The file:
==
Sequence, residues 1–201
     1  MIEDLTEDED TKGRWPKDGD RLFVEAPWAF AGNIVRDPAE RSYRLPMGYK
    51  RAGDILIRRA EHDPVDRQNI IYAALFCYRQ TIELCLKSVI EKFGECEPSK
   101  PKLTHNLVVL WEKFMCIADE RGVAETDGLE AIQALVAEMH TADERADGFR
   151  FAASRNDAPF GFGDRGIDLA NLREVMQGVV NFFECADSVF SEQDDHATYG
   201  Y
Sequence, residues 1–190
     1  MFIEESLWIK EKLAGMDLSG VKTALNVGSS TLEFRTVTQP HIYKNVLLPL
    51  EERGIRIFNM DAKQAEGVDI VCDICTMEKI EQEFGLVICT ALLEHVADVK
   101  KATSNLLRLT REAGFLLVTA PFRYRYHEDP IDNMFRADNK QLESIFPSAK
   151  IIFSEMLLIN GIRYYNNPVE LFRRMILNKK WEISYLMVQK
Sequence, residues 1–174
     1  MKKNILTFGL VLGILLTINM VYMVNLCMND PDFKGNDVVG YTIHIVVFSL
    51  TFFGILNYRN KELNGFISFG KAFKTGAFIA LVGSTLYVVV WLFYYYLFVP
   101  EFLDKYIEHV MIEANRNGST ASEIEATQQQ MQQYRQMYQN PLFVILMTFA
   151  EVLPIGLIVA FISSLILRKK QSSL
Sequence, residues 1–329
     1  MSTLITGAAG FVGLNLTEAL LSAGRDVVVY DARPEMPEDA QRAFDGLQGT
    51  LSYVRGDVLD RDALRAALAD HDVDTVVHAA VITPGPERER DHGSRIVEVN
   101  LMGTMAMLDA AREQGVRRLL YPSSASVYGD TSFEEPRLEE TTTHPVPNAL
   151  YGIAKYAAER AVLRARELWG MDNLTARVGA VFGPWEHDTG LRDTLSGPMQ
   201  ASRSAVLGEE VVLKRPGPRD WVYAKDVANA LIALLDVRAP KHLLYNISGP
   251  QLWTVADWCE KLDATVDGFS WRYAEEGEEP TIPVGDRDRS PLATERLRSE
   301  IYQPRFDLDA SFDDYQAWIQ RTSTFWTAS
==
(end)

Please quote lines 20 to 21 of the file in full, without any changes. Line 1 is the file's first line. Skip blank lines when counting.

   101  LMGTMAMLDA AREQGVRRLL YPSSASVYGD TSFEEPRLEE TTTHPVPNAL
   151  YGIAKYAAER AVLRARELWG MDNLTARVGA VFGPWEHDTG LRDTLSGPMQ